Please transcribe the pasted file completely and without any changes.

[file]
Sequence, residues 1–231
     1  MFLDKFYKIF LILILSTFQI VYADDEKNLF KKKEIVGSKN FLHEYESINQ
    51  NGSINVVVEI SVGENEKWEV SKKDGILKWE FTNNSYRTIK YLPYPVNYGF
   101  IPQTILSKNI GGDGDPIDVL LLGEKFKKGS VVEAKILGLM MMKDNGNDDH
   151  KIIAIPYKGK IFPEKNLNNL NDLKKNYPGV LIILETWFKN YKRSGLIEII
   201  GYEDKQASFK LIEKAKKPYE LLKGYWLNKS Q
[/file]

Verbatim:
Sequence, residues 1–231
     1  MFLDKFYKIF LILILSTFQI VYADDEKNLF KKKEIVGSKN FLHEYESINQ
    51  NGSINVVVEI SVGENEKWEV SKKDGILKWE FTNNSYRTIK YLPYPVNYGF
   101  IPQTILSKNI GGDGDPIDVL LLGEKFKKGS VVEAKILGLM MMKDNGNDDH
   151  KIIAIPYKGK IFPEKNLNNL NDLKKNYPGV LIILETWFKN YKRSGLIEII
   201  GYEDKQASFK LIEKAKKPYE LLKGYWLNKS Q